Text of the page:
The parameters, FPG and walking, have a lower chance of variation for the author since he is stringent on maintaining his body weight and his daily exercise routine.

On the other hand, the relationship between food nutrition and glucose is a quite complex and difficult subject to fully understand and effectively manage due to many types of available food (in terms of both quality and quantity of meals) with different nutritional ingredients, including carbohydrates and sugar contents. For example, in the author’s developed database of food material and nutritional ingredients, it contains over six million data. As a result, the author decided to implement two multipliers, M1 for FPG and M3 for exercise, as the two “constants”, and keep M2 as the only “variable” in his PPG prediction equation.

Therefore, an easier linear equation for predicted PPG is listed below:

  • Predicted PPG = (0.97*FPG) +(Carbs&sugar * M2) – (post-meal walking k-steps * 5)

He further created two new terms for his developed two linear elastic glucose coefficients:

  • Term 1
    GH.p-modulus = M2
  • The incremental PPG from diet = Predicted PPG – baseline PPG
    (i.e. 0.97 * FPG) + (walking * 5)
  • Glucose Coefficient for PPG
    GH.p-modulus= (Incremental PPG)/(Carbs&sugar)
  • Glucose Coefficient for FPG
    GH.f-modulus = (FPG) / (Weight)

After combining the above 2 terms and 2 glucose coefficients, he has finally obtained the following linear equation of predicted PPG:

  • Predicted PPG =(0.97 * GH.f-modulus * Weight) +(GH.p-modulus * Carbs&sugar) – (post-meal walking k-steps * 5)

By using this equation, a patient only needs the data of body weight, carbs & sugar intake amount, and post-meal walking steps to calculate the predicted PPG without obtaining any measured glucose data.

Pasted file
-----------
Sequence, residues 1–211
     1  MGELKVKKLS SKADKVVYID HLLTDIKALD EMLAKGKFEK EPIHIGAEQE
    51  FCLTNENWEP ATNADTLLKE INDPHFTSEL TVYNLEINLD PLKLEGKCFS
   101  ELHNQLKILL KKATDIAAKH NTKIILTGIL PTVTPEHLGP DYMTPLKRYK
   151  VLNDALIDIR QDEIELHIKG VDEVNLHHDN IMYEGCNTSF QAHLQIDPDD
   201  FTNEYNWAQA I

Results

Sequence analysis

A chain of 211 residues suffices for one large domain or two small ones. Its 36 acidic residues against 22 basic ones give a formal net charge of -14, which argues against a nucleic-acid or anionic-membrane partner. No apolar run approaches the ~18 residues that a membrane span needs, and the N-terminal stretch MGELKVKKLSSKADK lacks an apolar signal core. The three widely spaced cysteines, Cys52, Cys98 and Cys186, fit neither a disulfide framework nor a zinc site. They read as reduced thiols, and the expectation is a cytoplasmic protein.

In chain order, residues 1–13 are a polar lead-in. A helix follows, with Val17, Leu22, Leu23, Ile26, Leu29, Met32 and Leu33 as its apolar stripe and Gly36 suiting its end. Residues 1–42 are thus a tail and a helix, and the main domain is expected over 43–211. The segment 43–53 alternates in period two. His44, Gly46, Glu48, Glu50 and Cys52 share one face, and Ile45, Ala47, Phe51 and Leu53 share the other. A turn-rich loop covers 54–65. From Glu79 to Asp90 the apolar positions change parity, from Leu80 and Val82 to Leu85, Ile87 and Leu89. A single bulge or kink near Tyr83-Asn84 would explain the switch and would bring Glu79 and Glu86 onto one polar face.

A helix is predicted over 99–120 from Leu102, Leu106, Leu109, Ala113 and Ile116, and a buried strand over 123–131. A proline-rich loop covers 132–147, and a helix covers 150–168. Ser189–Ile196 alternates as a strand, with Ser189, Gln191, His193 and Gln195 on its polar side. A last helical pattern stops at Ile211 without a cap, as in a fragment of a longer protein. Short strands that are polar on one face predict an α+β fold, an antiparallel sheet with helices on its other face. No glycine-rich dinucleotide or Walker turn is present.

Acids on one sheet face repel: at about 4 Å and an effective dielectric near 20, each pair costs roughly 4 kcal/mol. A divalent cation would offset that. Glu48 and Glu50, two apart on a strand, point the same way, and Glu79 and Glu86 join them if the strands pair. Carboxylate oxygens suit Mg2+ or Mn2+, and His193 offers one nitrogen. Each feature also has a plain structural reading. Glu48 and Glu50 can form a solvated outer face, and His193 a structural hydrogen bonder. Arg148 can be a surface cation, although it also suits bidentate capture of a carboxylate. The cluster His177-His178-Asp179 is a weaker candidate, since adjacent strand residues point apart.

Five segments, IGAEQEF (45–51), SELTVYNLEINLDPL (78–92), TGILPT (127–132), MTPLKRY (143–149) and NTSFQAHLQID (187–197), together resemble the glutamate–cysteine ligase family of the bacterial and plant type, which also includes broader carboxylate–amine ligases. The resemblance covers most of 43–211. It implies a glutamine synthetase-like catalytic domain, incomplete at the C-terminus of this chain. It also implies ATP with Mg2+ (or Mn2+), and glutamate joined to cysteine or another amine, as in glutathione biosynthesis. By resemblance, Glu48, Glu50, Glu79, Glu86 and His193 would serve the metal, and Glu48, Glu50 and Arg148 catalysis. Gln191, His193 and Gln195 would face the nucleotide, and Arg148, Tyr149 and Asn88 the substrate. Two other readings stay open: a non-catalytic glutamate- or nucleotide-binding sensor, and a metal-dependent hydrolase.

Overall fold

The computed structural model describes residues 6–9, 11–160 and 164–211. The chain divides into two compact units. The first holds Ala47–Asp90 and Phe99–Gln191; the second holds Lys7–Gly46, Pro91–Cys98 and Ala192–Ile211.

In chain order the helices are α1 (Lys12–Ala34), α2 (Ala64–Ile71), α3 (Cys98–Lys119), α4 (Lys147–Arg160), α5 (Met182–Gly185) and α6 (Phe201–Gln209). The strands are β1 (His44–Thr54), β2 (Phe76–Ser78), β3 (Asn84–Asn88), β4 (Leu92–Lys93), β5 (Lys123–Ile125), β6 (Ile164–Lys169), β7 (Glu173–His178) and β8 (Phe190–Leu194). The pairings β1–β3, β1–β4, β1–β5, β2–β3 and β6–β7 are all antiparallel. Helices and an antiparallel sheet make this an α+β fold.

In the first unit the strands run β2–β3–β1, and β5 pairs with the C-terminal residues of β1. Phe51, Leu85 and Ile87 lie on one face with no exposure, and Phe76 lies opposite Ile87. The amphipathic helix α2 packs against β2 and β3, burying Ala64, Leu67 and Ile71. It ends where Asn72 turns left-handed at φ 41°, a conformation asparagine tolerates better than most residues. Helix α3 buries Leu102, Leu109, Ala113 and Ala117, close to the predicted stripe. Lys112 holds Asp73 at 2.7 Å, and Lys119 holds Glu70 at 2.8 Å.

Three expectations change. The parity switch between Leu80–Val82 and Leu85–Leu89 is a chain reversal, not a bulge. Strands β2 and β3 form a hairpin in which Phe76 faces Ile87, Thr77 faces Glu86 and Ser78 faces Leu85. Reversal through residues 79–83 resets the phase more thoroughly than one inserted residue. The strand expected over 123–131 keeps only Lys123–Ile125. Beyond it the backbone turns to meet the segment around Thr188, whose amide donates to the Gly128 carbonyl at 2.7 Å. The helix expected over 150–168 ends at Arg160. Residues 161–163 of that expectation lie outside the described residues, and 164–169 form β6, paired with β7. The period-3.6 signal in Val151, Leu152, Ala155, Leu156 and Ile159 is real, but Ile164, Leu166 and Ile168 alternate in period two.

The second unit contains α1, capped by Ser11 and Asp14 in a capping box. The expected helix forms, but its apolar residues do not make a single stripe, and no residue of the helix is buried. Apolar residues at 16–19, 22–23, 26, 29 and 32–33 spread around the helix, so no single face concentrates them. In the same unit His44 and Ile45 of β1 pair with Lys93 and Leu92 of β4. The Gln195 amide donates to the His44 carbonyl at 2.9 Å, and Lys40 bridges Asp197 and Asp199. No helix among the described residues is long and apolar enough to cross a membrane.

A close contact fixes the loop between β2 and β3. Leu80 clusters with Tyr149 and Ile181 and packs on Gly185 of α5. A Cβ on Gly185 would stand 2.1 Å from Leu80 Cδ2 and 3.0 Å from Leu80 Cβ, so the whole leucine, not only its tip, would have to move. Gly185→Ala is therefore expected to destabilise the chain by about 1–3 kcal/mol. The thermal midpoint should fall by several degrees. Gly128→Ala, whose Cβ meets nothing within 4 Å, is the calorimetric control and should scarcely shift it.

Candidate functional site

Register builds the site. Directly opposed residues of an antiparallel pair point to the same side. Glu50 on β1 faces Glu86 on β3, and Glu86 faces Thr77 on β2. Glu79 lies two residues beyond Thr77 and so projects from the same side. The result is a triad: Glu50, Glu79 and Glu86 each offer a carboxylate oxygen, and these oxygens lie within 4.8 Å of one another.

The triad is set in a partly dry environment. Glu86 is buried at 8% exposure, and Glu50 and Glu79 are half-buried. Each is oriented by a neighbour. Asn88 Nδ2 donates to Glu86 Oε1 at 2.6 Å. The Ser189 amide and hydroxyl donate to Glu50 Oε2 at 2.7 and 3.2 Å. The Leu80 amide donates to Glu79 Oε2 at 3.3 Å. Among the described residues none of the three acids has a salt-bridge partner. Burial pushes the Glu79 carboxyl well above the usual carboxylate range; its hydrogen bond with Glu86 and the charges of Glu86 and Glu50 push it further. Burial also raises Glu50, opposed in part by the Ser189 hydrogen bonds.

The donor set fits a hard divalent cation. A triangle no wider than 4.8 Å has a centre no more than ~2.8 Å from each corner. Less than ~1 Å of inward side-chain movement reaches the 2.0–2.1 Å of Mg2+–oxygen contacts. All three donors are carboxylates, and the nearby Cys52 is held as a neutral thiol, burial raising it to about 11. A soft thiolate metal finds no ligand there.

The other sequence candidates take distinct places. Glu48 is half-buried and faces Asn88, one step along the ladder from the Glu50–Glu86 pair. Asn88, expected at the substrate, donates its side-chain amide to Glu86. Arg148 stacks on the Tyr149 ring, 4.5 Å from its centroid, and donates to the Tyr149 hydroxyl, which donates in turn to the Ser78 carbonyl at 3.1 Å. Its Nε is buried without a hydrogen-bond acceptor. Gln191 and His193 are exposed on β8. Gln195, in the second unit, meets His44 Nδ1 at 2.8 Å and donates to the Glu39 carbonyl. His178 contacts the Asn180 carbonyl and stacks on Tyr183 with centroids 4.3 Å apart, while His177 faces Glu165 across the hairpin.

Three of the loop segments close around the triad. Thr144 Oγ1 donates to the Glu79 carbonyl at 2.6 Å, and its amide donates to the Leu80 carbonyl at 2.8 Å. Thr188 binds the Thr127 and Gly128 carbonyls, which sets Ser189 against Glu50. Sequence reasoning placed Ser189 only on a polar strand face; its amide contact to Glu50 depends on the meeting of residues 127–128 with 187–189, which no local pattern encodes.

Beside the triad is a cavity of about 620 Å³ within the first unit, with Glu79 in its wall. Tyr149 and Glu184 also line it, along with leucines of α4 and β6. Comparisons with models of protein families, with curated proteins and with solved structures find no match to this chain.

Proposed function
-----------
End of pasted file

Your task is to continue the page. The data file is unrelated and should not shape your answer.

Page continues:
3. Stress, Strain, & Young’s Modulus
Prior to his medical research work, he was an engineer in the various fields of structural engineering (aerospace, naval defense, and earthquake engineering), mechanical engineering (nuclear power plant equipments, and computer-aided-design), and electronics engineering (computers, semiconductors, graphic software, and software robot).

The two biomedical coefficients of GH-modulus mentioned above were inspired by his prior knowledge in the theory of elasticity in strengths of engineering materials which has the following engineering equation developed in 1807 by a British scientist, Thomas Young:

  • Stress = Young’s modulus * Strain

Note: Young’s modulus and the two biomedical coefficients, both GH.f-modulus and GH.p-modulus, are reciprocal to each other.

The following excerpts comes from internet public domain, including Google and Wikipedia:

  • Strain – ε
    Strain is the “deformation of a solid due to stress” – change in dimension divided by the original value of the dimension – and can be expressed as
    ε = dL / L
    where
    ε = strain (m/m, in/in)
    dL = elongation or compression (offset) of object (m, in)
    L = length of object (m, in)
  • Stress – σ